This is one of the most difficult issues for all of us because of the connection between opinion and knowledge or certainty. Much less attention has been given to the question of what opinions are, and much more to how to ascend from them to knowledge.
In our own time the problem is largely neglected because of the assumption that the authority of the experimental sciences, and the standard of testing, settles the matter of what counts as real knowledge. Even though it, the modern science, has no moral content, and so is profoundly wanting from the ancient perspective or the perspective of metaphysical science.
In an ethical context opinion is very problematic because to condemn a person to death on an opinion seems wrong. If opinion implies that there are other opinions, including one where the one on trial is not found guilty or not found deserving of death.
For metaphysics the problem is very great because even the distinction between matters of moral importance, and matters that are not, is either a matter of opinion or knowledge. In our own time a large number of issues of daily life are regarded as outside the realm of ethics or morals. Whereas, in former times, the whole of life was considered an ethical question as it still is among traditional peoples and those who live under religious orders rather than liberal.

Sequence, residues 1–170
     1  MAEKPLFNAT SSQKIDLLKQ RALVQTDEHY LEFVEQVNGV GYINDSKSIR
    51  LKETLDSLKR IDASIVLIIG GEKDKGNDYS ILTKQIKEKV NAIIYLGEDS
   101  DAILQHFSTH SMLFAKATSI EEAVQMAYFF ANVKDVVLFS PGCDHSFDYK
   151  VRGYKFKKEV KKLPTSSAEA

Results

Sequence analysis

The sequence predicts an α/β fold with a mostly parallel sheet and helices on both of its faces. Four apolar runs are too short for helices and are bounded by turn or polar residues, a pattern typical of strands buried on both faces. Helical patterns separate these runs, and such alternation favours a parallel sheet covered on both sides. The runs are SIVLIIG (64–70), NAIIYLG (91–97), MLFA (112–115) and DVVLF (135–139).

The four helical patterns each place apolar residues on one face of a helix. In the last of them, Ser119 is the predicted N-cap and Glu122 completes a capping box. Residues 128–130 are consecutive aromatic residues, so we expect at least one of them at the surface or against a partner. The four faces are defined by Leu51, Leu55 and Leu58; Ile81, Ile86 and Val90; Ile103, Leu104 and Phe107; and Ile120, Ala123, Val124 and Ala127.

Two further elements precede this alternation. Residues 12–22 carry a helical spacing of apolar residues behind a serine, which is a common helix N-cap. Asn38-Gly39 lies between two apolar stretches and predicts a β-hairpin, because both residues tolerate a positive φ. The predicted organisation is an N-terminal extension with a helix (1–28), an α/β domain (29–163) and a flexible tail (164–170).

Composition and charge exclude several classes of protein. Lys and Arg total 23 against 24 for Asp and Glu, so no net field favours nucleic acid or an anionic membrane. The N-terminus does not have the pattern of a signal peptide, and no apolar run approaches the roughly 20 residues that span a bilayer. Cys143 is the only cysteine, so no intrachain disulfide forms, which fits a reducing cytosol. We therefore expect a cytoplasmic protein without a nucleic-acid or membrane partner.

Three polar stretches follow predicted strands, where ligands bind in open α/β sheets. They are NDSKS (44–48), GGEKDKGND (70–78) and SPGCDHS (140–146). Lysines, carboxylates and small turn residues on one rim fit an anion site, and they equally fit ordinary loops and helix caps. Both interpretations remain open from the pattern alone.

The shadows of Plato are the classical expression of the problem. We rely on the shadows, but aspire to the truth above. Aristotle, the great doxologist, puts vastly more weight on the opinions of the population, and correspondingly less on the claims of certain men to have more sound views. Especially Socrates with his wild claim that Justice is what makes men better, a general opinion, much contradicting the more widely held opinion, that Justice concerns chiefly contracts and property or giving to each what is theirs.
The issue of raising an equivocation when speaking shows a philosophic awareness of the problem that we don't know if our views are truths. One often absent in political people and the so-called boasters which Socrates discloses.
"The fundamental cause of the trouble is that in the modern world the stupid are cocksure while the intelligent are full of doubt." Russell